Calling Card: STGM Head Office, Quebec City, Quebec
PROJECT STGM Head Office, Quebec City, Quebec
ARCHITECT STGM Architects
TEXT Olivier Vallerand
PHOTOS Stéphane Groleau unless otherwise noted
An architecture firm’s office is often more than just another project. When done well, it is a calling card for an approach—an encapsulation of the firm’s philosophy, and a preview of what clients can expect for their own future buildings.
Quebec City firm St-Gelais Montminy + Associés Architectes (STGM) seized this opportunity recently with a new office that reflects their commitment to environmental sustainability. STGM’s former office was a cramped space, in a generic 1980s suburban office building in the residential borough of Charlesbourg. Its new purpose-built headquarters is spacious and striking: a contemporary two-storey structure in a formerly commercial and industrial zone of the borough of Beauport. It sits on a former service station lot, adjacent to an in-development eco-district.
The move positions the firm as a participant in the long-discussed transformation of a neglected neighbourhood into a model sustainable community. Moreover, the architects used the opportunity to design the province’s first private sector LEED-NC Platinum building. While keeping sustainability in mind at every scale, the design prioritizes the team’s comfort. The building’s success testifies to the compatibility and complementarity of both objectives.
The site itself is a statement of the firm’s dedication to sustainability: a five-minute drive from Quebec City’s downtown core, it is also next to a planned bus rapid transit terminus and a well-used bike path. The building allows STGM to bring together its affiliated firms and to share resources with them. This includes mechanical and electrical engineers Ambioner and interior designers IDEA, both of whom the firm collaborated with to create an efficient and integrated design.
These urban-level advantages are paired with careful site planning that limits asphalt surfaces and includes an electrical car outlet, reserved parking spaces for car-sharing, indoor bike storage, showers for active commuters, and two water retention basins. One of the basins, located on the west side of the building, ensures that nothing will get built on that edge and thus allows the firm to maintain sunlight input on their solar wall. These decisions set a progressive example for the planned urban revitalisation of the neighbourhood.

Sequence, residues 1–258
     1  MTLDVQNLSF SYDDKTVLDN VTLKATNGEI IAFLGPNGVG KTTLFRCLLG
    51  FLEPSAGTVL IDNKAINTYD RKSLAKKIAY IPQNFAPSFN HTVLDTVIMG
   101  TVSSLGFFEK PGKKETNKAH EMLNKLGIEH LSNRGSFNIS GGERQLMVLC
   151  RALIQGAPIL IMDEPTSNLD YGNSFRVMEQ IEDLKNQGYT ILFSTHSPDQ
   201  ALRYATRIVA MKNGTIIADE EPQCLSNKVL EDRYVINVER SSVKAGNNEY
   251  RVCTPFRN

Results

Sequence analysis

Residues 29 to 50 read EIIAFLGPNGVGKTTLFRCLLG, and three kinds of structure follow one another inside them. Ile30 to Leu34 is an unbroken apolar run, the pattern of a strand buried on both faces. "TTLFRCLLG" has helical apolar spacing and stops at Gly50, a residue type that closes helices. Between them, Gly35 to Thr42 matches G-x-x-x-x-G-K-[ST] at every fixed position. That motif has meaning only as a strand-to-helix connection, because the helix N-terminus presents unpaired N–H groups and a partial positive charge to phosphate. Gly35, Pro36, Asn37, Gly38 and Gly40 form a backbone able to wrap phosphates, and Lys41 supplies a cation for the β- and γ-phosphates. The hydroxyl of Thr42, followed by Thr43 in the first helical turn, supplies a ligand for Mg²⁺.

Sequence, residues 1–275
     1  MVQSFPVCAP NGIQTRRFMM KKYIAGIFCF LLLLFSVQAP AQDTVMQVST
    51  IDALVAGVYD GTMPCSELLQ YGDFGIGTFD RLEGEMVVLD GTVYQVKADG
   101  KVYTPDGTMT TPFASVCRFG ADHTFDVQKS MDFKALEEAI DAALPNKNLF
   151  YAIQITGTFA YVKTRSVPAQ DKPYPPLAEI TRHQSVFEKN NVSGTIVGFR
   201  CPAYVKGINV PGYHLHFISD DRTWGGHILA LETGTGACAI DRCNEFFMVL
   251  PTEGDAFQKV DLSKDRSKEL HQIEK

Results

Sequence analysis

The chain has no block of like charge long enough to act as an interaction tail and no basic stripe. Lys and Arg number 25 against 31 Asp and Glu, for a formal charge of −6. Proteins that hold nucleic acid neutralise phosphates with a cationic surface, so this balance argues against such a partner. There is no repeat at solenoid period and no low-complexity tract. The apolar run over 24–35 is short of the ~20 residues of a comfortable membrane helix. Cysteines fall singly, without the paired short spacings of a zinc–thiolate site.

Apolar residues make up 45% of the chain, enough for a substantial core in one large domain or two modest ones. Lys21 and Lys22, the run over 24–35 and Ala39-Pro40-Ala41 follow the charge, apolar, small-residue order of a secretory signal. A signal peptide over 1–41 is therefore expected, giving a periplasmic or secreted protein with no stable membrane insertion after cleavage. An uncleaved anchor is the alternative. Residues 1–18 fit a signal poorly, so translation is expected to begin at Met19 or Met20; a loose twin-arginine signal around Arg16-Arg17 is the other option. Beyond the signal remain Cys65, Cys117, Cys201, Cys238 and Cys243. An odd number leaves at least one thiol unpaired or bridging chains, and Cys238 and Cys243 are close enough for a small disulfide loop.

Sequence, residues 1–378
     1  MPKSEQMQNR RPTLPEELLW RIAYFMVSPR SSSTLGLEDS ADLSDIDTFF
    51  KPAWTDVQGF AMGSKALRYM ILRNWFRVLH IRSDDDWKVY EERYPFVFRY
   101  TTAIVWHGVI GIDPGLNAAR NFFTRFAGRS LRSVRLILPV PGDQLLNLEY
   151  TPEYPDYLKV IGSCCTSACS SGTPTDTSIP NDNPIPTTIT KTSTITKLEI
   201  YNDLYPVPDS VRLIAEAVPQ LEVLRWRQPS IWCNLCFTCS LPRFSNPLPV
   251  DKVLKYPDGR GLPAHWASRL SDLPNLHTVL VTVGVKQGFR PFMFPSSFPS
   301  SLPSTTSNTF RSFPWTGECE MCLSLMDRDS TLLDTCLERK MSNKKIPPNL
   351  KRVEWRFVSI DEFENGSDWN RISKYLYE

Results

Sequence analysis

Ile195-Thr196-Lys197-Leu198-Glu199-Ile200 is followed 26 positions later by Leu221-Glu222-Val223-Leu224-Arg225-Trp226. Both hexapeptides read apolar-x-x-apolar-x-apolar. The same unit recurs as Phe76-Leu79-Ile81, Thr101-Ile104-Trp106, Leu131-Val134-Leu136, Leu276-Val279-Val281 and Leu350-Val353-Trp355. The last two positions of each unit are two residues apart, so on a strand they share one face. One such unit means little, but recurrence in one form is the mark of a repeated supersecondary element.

Inside, nearly every aspect of the design has been shaped by eco-friendly structural and material decisions. For example, white-painted doubled wood trusses define the character of the second floor studio, occupied by the architecture team. This lightweight structure was designed in reaction to the site’s low-bearing-capacity soil, making use of the firm’s experience with economical structures on other projects. With its doubled trusses and columns, the structure frees up long spans for the studio.
The four-foot-wide modules include room for a large number of operable windows, used in the shoulder seasons for natural ventilation. Heating and cooling loads are taken up by a high-efficiency aerothermal system that lowers energy consumption by an estimated 51%. The system includes a heat exchange system connected to a solar wall (a black cavity wall that collects and pre-heats air, accounting for 24% of the heating) and a non-insulated room at the back of the building. In this room, condensers are kept in a controlled environment that allows the system to more efficiently work with tempered air. Fresh air is heated by used air from the building, supplemented with a natural gas furnace in case of extreme cold. The furnace also acts as a backup for the entire system.
To conserve water, rainfall is diverted from storm drains and collected for flushing toilets. Six skylights in the studio and stairwells, along with plenty of large windows, provide natural lighting. An automatically adjusting LED system supplements daylight on cloudy days and in the evenings. The carpet pattern—based on the lighting diagram—playfully animates the resulting bright spaces.